History

Ferryland is a town in Newfoundland and Labrador on the Avalon Peninsula. According to the 2006 Statistics Canada census, its population is 529.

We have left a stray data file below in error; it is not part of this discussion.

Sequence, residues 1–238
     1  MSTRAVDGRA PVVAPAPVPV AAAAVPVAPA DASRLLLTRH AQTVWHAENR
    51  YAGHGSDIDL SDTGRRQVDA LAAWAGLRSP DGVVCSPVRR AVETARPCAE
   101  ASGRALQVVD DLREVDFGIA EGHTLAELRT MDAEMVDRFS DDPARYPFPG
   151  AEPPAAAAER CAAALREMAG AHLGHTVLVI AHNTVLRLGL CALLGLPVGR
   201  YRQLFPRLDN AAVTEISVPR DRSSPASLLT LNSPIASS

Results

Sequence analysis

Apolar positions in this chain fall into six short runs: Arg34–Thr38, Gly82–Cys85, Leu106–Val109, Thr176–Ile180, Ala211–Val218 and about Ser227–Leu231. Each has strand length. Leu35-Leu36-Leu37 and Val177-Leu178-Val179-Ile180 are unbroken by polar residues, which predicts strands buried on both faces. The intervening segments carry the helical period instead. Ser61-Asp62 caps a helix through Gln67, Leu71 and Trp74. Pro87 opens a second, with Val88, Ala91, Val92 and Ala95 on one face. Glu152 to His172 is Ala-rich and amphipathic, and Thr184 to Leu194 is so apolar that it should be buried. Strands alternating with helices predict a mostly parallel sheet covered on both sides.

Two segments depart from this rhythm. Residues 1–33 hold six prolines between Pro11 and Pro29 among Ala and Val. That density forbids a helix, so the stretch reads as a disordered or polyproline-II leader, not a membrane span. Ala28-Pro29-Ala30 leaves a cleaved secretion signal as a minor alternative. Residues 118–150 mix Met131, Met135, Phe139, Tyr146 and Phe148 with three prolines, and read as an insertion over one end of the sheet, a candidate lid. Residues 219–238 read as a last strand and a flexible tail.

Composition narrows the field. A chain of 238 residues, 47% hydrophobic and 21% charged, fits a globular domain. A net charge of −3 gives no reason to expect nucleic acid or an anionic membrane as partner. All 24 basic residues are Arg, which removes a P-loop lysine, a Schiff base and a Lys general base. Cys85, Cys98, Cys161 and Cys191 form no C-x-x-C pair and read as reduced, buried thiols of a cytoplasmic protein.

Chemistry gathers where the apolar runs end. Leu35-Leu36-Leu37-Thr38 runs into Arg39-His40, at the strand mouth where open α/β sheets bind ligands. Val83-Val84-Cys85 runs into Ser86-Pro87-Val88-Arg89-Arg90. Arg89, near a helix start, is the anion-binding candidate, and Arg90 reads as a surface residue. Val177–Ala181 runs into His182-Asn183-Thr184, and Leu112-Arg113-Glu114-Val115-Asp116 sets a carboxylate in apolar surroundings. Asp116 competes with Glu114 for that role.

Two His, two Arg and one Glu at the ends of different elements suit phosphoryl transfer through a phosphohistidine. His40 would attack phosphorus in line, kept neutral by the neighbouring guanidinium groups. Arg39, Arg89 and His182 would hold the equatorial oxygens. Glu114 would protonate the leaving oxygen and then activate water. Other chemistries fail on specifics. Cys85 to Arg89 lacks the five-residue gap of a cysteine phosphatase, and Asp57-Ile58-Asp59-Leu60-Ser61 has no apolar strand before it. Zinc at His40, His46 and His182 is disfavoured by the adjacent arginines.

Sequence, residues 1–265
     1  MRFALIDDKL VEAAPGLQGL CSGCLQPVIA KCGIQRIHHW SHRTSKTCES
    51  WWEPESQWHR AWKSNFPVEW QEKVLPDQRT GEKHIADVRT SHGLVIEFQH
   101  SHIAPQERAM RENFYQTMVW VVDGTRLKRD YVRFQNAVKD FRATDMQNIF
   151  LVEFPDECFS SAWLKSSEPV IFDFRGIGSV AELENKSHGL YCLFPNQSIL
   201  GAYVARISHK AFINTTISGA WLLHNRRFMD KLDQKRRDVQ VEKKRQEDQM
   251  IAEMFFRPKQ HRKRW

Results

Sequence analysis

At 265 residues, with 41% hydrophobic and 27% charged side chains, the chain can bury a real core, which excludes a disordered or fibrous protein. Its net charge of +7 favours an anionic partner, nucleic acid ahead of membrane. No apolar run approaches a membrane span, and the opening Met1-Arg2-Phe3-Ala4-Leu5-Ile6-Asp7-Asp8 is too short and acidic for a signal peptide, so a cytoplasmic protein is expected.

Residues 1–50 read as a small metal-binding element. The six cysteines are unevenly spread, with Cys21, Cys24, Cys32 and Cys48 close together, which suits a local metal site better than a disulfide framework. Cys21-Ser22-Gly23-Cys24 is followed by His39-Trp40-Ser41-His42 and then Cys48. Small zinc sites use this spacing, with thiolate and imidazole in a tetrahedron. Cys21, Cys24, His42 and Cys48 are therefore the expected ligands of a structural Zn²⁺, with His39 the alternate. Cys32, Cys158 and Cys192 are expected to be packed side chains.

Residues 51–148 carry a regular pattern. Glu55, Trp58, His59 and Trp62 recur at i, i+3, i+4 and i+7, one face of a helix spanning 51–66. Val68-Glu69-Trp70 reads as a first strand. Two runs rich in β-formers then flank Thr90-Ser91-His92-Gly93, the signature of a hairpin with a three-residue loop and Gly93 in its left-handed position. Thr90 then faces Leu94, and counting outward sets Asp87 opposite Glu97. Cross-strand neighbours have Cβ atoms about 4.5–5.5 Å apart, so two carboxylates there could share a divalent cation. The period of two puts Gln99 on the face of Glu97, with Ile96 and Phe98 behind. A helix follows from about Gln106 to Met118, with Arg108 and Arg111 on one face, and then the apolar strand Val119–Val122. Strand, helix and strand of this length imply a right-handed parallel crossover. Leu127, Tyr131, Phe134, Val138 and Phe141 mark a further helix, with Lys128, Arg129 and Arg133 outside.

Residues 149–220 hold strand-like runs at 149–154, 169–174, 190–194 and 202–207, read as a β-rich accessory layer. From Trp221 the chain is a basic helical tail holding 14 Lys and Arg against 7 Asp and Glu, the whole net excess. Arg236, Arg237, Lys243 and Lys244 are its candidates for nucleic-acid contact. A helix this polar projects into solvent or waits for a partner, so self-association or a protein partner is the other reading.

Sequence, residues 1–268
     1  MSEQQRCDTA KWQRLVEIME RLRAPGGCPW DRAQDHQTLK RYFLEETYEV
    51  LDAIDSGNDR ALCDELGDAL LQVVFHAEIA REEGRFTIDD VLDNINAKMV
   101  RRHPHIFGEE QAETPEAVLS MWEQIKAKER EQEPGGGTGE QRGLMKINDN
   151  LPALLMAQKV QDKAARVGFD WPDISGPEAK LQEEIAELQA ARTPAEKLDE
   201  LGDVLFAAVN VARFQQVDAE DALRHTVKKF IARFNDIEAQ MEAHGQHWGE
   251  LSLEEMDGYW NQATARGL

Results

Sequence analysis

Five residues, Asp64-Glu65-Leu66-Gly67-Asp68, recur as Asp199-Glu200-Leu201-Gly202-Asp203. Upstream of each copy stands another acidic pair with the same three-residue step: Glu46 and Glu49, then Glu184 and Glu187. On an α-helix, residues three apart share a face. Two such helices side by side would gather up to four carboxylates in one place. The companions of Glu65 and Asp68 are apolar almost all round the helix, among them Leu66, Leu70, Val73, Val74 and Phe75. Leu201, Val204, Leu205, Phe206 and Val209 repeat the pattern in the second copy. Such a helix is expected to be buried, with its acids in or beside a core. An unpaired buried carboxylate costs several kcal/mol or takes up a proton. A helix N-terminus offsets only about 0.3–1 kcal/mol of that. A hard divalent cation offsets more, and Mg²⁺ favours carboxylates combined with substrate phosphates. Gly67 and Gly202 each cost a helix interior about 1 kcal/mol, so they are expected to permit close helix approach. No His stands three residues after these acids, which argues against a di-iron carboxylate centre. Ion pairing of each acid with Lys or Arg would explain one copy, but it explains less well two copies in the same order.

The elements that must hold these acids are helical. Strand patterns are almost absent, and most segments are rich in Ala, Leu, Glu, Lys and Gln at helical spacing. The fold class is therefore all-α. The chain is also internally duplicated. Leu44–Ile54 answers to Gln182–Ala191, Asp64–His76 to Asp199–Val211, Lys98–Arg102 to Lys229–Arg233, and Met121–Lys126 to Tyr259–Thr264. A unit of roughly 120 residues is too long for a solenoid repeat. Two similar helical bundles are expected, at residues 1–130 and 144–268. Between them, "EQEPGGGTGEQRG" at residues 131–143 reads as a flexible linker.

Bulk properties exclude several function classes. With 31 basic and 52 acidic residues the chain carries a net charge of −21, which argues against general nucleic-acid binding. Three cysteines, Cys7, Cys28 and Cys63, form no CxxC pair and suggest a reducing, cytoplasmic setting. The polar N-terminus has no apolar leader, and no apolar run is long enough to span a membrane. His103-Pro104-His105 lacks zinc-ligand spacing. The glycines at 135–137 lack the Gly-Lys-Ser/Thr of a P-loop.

Ferryland was established as a station for migratory fishermen in the late 16th century but had earlier been used by the French, Spanish, and Portuguese. By the 1590s it was one of the most popular fishing harbours in Newfoundland and acclaimed by Sir Walter Raleigh. The land was granted by charter to the London and Bristol Company in the 1610s and the vicinity became the location of a number of short-lived colonies at Cuper’s Cove, Bristol’s Hope, and Renews and adjoined the colony of South Falkland. In 1620 the territory was granted to George Calvert, 1st Lord Baltimore who had obtained the holdings from William Vaughan.In 1693 Calvert appointed Edward Wynne to establish a colony which became the first successful permanent colony in Newfoundland growing to a population of 100 by 1625. In 1623, Calvert’s grant was confirmed and expanded. The Charter of Avalon was granted to Lord Baltimore by James I. Dated 7 April 1623 it created the Province of Avalon on the island of Newfoundland and gave Baltimore complete authority over all matters in the territory. That same year Baltimore chose Ferryland as the principle area of settlement. Ferryland was called “Farilham” by the Portuguese fishermen and “Forillon” by the French-it later became anglicized to its current name “Ferryland.”